Source: Bloomberg New Energy Finance
Notes: Does not include pumped hydropower, underground compressed air energy storage, or flooded lead-acid batteries. Minimum project size for inclusion in this analysis is 100kW or 100kWh.
© Bloomberg Finance L.P. 2015. Developed in partnership with The Business Council for Sustainable Energy.
96
Deployment: Mix of applications for US non-hydropower
energy storage for announced projects (% by MW)
100%
90%
80%
70%
60%
50%
40%
30%
20%
10%
0%
Other
Behind the Meter
Transmission - Investment deferral
Distribution - Investment deferral
System - Renewables integration
System - System capacity
Market - Frequency regulation
Market - Reserves
Market - Price arbitrage
Q1 Q2 Q3 Q4 Q1 Q2 Q3 Q4 Q1 Q2 Q3 Q4 Q1 Q2 Q3 Q4
2011
●
●
●
●
2012
2013
2014
The chart shows the mix of applications for energy storage projects – ie, what is the main objective of the projects
Many announced projects received government funding for testing or proof of concept (these are marked as ‘Other’)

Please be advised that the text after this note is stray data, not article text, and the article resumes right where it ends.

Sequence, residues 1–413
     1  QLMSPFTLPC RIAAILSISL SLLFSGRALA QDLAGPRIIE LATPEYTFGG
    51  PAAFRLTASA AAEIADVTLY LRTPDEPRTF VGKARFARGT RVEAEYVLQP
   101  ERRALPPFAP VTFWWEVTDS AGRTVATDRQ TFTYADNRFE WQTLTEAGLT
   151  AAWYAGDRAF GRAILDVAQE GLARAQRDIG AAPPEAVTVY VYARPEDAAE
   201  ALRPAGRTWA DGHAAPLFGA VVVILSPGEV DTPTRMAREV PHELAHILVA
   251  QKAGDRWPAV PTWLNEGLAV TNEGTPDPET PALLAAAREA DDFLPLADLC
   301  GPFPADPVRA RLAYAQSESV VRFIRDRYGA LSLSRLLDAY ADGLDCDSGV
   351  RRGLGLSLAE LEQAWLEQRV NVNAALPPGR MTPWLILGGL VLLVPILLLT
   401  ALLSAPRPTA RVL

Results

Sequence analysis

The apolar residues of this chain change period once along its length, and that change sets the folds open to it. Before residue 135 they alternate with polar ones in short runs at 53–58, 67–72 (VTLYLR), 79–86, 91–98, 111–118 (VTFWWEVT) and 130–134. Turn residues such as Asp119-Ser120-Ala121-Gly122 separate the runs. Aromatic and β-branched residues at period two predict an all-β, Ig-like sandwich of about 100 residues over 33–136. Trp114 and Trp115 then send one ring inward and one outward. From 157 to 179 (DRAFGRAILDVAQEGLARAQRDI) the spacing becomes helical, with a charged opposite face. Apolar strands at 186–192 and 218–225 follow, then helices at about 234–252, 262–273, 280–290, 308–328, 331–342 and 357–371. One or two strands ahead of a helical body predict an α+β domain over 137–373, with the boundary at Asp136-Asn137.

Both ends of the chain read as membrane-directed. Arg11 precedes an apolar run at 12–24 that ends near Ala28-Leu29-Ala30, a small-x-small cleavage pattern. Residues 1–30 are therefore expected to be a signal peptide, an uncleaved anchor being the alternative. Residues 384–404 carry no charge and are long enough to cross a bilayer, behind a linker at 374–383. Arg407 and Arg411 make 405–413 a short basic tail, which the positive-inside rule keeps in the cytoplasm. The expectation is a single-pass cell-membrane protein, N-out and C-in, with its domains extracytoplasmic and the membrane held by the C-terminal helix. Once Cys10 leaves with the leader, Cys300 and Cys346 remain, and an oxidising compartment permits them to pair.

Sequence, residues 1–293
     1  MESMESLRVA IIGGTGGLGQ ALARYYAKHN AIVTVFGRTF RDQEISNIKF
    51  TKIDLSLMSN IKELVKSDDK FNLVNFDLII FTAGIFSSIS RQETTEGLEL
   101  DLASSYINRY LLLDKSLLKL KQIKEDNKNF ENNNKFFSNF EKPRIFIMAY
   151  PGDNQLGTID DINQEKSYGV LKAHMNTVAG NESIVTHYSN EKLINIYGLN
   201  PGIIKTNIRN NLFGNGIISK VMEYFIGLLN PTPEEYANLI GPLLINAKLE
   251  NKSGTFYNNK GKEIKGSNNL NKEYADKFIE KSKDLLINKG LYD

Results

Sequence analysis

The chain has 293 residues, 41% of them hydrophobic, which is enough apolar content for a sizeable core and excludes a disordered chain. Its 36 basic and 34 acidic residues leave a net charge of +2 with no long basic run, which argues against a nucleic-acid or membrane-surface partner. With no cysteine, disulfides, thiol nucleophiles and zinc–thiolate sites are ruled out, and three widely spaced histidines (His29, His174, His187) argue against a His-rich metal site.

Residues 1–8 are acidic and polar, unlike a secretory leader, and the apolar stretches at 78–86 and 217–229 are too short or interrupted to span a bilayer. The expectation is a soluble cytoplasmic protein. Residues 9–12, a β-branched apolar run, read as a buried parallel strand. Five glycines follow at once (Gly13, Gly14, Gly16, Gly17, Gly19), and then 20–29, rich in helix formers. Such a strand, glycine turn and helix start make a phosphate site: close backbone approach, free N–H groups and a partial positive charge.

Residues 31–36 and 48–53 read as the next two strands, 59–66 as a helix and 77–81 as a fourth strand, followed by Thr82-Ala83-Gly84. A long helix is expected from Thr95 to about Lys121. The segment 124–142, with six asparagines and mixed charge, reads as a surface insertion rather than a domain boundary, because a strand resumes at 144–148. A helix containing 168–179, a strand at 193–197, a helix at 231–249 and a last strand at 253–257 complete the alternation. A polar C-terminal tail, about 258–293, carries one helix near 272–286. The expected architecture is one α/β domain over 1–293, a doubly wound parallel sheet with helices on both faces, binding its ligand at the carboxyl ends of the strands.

Despite the intuitive connection between the potential for storage to facilitate the integration of wind and solar projects, most
market-based projects have not had a renewable energy component. Instead, the key applications have been:
˗
Frequency regulation in PJM
˗
Transmission and distribution upgrade deferral
˗
Behind the meter demand charge management at commercial and industrial end user facilities
Several large frequency regulation projects have been or are being developed by AES Energy Storage, Beacon Power,
Ecoult, RES Americas, and Invenergy in the PJM region to benefit from high frequency regulation prices
Source: Bloomberg New Energy Finance
Notes: Pumped hydropower storage is not included in this chart as it would dwarf all other technologies. Empty columns represent quarters in which there were no new projects announced. ‘Other’ refers to
applications not represented in the legend; many of these are government funded technology testing or pilot projects to prove concepts. The application categories have been revised since last year’s
edition of the Factbook to better represent market terminology and trends.
© Bloomberg Finance L.P. 2015. Developed in partnership with The Business Council for Sustainable Energy.
97
Deployment: Mix of technologies for US non-hydropower
energy storage for announced projects (% by MW)
100%
90%
80%
70%
60%
50%
40%
30%
20%
10%
0%
Sodium nickel chloride
batteries
Supercapacitors
Flywheels
Flow batteries
Lead-based batteries
Lithium-ion batteries